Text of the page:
NEWCASTLE United’s January spending spree is proof of two things.
First up, by signing – or attempting to sign – four players better noted for their technique and ability on the ball, the club is determined to get back to playing the fluent football that typified their Spring surge towards the top four.
And secondly – and perhaps just as crucially – it is a major vote of confidence in misfiring striker Papiss Cissé.
United had already completed an impressive piece of business in recruiting Mapou Yanga-Mbiwa to bolster their creaking defence, but it is the arrival of Yoan Gouffran, who has now joined his countryman at St James’ Park, that is really intriguing.
The Bordeaux forward is not your average old-fashioned Premier League goal-grabber.
He is no Demba Ba or Andy Carroll, and certainly not a like-for-like replacement for the former. Instead he plays in behind a main striker – and mainly drifting to the right of him.
In short, he has been bought not just for his own talent but also to supplement Cissé, who has looked uncomfortable in his second season in the Premier League.
Partly that is because Ba was promoted to the main striking role for the first months of this season.
Having expressed displeasure at being shunted to the left as Cissé reigned supreme, Alan Pardew decided to reconfigure his side and it returned Ba to the goals.
It left Cissé sidelined – sometimes literally as his compatriot embarked on the kind of hot streak seldom seen in the Premier League.
Cissé’s confidence suffered and on the Saturday just gone, we saw a striker in desperate need of catching a break as chance after chance went begging against Reading.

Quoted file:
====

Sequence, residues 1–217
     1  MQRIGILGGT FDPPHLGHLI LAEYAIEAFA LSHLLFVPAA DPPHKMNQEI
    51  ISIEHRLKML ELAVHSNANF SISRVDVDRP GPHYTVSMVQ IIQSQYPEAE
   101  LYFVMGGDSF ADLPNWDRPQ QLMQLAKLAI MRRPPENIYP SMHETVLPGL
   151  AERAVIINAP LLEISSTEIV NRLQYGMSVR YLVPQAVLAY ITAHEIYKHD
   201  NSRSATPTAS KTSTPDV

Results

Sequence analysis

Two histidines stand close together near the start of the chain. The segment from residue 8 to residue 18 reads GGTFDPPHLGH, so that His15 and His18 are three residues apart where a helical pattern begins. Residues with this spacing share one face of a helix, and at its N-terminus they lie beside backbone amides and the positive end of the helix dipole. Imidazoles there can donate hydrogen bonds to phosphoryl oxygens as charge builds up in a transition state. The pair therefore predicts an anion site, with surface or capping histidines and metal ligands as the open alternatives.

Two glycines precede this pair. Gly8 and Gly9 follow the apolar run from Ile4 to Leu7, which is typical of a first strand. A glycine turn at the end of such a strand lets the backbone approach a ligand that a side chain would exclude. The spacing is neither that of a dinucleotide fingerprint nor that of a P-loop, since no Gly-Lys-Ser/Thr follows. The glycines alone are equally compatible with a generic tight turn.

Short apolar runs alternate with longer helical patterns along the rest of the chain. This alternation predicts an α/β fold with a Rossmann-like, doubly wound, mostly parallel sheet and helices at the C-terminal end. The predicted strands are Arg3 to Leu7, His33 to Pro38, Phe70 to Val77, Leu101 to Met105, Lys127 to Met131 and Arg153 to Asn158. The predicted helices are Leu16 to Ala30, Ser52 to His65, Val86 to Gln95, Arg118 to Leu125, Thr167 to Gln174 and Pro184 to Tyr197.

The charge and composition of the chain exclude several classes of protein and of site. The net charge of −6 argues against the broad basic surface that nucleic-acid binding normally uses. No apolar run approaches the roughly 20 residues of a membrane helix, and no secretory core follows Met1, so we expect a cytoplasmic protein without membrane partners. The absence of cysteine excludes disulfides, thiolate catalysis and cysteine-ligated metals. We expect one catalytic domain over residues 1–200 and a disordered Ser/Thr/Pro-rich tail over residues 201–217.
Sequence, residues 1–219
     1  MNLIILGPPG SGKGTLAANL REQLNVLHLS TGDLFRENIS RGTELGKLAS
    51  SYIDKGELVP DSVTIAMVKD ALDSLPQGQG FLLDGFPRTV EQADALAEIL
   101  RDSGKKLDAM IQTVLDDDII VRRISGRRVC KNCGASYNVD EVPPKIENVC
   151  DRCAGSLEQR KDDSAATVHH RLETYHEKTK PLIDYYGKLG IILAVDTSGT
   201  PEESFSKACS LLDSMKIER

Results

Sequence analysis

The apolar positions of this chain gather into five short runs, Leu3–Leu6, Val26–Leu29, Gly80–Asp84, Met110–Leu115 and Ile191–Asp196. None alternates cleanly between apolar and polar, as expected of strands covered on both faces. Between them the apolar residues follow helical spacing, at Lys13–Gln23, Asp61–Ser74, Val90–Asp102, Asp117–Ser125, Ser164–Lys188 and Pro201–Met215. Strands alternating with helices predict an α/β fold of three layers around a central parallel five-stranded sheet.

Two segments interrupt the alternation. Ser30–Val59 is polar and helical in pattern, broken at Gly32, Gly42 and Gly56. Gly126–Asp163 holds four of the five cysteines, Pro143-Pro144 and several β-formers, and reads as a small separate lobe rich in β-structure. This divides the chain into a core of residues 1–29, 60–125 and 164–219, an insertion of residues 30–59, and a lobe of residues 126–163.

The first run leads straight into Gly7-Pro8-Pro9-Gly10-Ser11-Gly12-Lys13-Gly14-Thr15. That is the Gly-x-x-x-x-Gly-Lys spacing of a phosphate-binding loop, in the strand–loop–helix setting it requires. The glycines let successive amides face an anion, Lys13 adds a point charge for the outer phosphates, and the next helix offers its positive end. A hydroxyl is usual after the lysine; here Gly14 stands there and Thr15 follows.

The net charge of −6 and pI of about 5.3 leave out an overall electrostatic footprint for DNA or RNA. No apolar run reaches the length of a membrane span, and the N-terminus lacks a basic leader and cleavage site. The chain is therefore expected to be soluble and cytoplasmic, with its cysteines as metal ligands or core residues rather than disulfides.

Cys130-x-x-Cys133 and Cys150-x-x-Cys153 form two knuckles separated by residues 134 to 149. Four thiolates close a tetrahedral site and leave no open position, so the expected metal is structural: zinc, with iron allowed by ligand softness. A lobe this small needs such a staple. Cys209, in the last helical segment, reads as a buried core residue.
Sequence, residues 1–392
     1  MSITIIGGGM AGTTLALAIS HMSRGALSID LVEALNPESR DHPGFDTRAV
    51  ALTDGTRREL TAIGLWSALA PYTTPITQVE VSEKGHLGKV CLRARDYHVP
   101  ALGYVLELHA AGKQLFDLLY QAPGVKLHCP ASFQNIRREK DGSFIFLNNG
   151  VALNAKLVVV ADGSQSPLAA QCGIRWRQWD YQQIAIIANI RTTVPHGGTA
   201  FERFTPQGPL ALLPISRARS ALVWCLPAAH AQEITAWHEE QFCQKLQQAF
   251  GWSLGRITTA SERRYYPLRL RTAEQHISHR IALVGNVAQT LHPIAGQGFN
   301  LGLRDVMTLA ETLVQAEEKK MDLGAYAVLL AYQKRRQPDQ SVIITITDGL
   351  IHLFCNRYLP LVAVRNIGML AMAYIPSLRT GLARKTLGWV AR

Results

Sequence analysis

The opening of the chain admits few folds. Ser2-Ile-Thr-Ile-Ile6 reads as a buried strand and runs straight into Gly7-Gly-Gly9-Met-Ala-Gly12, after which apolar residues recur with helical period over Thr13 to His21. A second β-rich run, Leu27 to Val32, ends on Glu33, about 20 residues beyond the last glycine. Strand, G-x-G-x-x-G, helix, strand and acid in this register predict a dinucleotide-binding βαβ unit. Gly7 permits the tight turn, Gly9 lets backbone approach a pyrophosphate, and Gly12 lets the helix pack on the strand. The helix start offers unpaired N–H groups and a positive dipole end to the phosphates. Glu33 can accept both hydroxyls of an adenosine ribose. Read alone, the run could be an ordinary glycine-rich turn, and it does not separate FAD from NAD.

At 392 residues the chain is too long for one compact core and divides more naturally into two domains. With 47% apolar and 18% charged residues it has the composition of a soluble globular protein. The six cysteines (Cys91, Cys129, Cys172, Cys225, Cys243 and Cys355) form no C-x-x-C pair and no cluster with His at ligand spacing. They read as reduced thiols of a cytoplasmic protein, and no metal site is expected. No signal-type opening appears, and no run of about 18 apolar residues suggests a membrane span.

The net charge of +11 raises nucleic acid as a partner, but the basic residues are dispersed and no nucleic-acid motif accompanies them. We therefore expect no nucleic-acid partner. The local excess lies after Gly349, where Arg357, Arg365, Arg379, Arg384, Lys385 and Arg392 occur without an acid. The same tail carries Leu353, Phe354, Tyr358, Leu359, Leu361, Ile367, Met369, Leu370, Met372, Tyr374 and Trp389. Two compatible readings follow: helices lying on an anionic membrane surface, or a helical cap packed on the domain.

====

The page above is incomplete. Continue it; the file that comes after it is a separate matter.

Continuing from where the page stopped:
Gouffran’s signature could just be that break. He is a willing runner and an intelligent player who first caught United’s eye when he was playing for Caen. United feel he is no cheap option, despite his bargain price.
Instead he is a sign that they are willing to boost last January’s biggest investment, and hopefully nurse him back to the kind of form that had the entire Premier League purring a year ago.
With this latest phase of the recruitment drive, United also feel they have recruited ball-playing pedigree.
“Proper footballers,” is how one observer described them – and Magpies manager Pardew now knows he has the tools at his disposal to return United to the kind of football team that they were at the start of last year.
If they get Moussa Sissoko, and it is looking pretty good on that front, we might go back to the original idea that Newcastle had two summers ago of having two midfield enforcers protecting a forward-thinking engine room agitator.
They had originally looked at Paris Saint-Germain midfielder Blaise Matuidi to play that role, but now they have an even better player in their sights in the France international.
If signed, Sissoko could play alongside Cheick Tioté, with Yohan Cabaye given the licence to support attacking duo Hatem Ben Arfa and Cissé in a team that could probe in between the lines. Gouffran will be in the mix too, with the benefit being that United have plenty of offensive options with their new recruits.
That is the theory anyway – putting it into practice on a cold, wet Tuesday at Villa Park might be another thing entirely.